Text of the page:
Family Food Allergy Foundation Memorializes Elijah-Alavi

Elijah-Alavi

The parents of three-year-old Elijah-Alavi were devasted by the loss of their son. While at preschool, Elijah, who had food allergies including dairy, was mistakenly given a grilled cheese sandwich. He suffered a fatal attack of anaphylaxis. From that tragedy Elijah’s parents embarked on a path of advocacy and education, so that other parents wouldn’t have to experience the same heartbreak. They founded the Elijah-Alavi Foundation, which includes “Elijah's Echo,” an initiative raising awareness of food allergies and anaphylaxis.    Read the article here.

Yes, there’s an App for That!

justmeansbusinesslogo“Chow Checker” App Identifies Food Allergies

Created by High School KidsBlog Entry by Sangeeta Haindl in Social Innovation and Entrepreneurship

(3BL Media/Justmeans) - Researchers estimate that up to 15 million Americans have food allergies and that this potentially life threatening disease affects one in every 13 children (under 18 years of age) in the U.S. That’s roughly two in every classroom! The economic cost of children’s food allergies is nearly $25 billion per year. A study released in 2013 by the Centre for Disease Control and Prevention shows that food allergies among children increased approximately 50 per cent between 1997 and 2011. Unfortunately, although the number of people who have a food allergy is growing, but there is no clear answer why.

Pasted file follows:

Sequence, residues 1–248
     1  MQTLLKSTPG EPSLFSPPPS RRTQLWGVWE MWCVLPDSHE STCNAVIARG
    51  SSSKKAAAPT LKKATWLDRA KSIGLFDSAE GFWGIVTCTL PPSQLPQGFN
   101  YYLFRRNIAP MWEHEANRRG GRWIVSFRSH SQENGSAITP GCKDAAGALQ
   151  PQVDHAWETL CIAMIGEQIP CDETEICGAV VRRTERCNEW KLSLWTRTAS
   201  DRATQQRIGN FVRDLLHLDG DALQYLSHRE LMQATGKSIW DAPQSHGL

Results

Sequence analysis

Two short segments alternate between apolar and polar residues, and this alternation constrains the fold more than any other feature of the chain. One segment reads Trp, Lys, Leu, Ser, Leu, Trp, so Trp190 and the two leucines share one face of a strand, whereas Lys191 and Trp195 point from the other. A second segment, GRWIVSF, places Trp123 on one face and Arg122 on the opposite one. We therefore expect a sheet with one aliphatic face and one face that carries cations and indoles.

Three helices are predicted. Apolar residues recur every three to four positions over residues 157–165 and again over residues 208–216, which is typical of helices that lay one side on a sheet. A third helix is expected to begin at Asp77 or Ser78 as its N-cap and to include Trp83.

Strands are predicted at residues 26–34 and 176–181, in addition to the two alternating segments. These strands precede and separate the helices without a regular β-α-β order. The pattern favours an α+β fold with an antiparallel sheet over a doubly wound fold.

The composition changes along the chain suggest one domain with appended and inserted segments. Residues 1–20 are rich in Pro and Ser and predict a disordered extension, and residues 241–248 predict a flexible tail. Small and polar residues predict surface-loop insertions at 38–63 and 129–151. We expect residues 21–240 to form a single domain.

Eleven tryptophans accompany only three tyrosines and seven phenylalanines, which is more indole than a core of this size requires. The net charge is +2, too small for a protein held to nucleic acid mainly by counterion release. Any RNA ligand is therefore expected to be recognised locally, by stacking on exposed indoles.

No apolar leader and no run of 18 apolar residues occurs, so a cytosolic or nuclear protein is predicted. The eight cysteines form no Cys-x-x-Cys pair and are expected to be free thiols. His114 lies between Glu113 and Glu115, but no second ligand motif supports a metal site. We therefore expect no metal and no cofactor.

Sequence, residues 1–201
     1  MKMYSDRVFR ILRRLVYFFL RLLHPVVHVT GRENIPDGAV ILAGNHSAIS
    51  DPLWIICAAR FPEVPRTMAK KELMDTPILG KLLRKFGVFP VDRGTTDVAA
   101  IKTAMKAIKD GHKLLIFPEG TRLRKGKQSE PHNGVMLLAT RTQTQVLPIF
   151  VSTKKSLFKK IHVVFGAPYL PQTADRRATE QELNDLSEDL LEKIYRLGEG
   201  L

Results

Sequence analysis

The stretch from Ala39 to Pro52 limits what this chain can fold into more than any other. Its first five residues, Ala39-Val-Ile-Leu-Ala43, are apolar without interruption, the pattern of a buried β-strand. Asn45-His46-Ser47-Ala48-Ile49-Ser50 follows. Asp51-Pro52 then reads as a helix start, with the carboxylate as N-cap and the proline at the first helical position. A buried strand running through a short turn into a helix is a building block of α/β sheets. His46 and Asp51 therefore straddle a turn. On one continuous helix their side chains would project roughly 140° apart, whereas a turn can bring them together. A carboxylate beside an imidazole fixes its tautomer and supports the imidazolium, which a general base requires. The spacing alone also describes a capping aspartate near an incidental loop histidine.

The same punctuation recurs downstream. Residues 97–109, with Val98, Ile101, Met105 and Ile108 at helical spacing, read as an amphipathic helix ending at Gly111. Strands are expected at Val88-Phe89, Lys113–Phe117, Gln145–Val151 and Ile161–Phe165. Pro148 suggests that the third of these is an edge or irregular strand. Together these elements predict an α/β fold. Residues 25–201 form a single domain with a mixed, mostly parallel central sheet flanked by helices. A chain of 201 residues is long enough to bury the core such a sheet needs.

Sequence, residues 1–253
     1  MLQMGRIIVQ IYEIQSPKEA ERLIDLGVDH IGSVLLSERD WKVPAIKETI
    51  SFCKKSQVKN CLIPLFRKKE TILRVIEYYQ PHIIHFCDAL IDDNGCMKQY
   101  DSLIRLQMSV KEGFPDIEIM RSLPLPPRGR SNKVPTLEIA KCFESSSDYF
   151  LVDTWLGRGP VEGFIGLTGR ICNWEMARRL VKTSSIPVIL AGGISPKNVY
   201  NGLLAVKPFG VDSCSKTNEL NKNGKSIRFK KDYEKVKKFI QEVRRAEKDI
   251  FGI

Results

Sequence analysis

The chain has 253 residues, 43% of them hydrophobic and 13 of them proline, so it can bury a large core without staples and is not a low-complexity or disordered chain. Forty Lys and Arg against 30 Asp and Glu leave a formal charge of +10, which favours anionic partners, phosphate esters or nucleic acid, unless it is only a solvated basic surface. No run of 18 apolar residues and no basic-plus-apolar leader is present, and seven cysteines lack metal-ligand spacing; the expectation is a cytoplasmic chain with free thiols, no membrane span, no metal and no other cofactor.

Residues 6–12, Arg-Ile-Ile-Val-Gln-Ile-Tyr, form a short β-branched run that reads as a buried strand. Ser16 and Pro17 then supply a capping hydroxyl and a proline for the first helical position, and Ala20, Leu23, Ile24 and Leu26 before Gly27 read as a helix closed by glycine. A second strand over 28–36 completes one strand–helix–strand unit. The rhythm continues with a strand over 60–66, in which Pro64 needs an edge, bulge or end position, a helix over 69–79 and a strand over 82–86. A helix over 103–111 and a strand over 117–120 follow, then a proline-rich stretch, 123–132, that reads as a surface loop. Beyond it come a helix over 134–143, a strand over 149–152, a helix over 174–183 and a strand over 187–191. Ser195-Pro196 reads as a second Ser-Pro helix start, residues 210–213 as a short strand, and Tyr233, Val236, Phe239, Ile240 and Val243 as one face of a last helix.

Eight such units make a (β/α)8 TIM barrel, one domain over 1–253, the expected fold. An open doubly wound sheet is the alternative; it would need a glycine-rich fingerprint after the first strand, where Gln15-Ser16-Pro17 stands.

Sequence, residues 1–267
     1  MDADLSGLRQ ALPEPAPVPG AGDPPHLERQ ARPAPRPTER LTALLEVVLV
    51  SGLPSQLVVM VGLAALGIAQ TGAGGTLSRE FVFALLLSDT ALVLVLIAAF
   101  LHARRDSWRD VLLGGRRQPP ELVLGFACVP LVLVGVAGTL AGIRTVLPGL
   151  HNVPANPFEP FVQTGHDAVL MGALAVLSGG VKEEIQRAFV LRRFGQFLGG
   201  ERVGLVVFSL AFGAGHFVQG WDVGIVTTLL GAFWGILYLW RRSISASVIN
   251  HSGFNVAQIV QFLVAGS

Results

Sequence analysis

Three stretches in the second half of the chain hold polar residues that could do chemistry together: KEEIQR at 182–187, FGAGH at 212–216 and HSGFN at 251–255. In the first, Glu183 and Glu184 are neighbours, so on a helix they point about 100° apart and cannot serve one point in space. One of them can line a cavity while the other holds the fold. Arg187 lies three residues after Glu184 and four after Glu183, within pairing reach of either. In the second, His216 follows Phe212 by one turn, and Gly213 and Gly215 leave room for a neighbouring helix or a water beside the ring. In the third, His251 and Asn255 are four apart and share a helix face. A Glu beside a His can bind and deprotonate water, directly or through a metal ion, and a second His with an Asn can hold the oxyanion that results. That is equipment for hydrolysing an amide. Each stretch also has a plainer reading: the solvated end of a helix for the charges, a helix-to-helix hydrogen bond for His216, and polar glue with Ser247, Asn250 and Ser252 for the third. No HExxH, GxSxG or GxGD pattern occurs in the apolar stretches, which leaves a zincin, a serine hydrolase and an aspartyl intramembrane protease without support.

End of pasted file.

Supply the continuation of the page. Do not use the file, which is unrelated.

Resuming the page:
So when a team of eighth-graders at The Hampstead Academy in New Hampshire created a smartphone app called the ‘Chow Checker’, which identifies food allergies, they won the grand prize at Verizon’s App Challenge, hands down. The school kids submitted their video pitch last school year and got to work with the Massachusetts Institute of Technology Media Lab to turn their idea into a reality. It is now available for download from Google Play. Alex Mielens, ninth-grade team member, says, “We knew that allergies were a pretty big problem and we thought we could help solve that problem in our school and other places, helping people who have allergies to stop from buying foods that may contain allergens.”

The ‘Chow Checker’ allows users to develop a profile and select up to 12 allergens. If they scan a food item or search for it in the app and it contains something to which they’re allergic, the app will instantly let them know. The app uses food ingredient data from Nutritionix, a company that provides daily updated data from grocery stores and restaurants. The database includes more than 300,000 food items and adds almost 1,000 more items each week.